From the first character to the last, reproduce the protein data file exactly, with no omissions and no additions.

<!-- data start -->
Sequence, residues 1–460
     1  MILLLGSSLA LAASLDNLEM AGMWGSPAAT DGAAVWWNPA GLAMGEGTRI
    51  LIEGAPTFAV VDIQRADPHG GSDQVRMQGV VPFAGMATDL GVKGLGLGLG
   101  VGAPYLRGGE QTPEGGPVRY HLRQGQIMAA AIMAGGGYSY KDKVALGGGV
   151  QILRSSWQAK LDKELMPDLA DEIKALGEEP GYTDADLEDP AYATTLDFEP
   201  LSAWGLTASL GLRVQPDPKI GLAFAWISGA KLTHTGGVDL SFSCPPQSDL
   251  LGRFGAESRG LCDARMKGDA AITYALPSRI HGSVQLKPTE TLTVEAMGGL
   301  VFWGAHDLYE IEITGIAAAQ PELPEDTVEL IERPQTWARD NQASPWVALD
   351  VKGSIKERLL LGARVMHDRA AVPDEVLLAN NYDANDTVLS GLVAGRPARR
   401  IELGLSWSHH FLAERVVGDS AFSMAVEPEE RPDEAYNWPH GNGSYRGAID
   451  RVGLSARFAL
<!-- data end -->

Sequence, residues 1–460
     1  MILLLGSSLA LAASLDNLEM AGMWGSPAAT DGAAVWWNPA GLAMGEGTRI
    51  LIEGAPTFAV VDIQRADPHG GSDQVRMQGV VPFAGMATDL GVKGLGLGLG
   101  VGAPYLRGGE QTPEGGPVRY HLRQGQIMAA AIMAGGGYSY KDKVALGGGV
   151  QILRSSWQAK LDKELMPDLA DEIKALGEEP GYTDADLEDP AYATTLDFEP
   201  LSAWGLTASL GLRVQPDPKI GLAFAWISGA KLTHTGGVDL SFSCPPQSDL
   251  LGRFGAESRG LCDARMKGDA AITYALPSRI HGSVQLKPTE TLTVEAMGGL
   301  VFWGAHDLYE IEITGIAAAQ PELPEDTVEL IERPQTWARD NQASPWVALD
   351  VKGSIKERLL LGARVMHDRA AVPDEVLLAN NYDANDTVLS GLVAGRPARR
   401  IELGLSWSHH FLAERVVGDS AFSMAVEPEE RPDEAYNWPH GNGSYRGAID
   451  RVGLSARFAL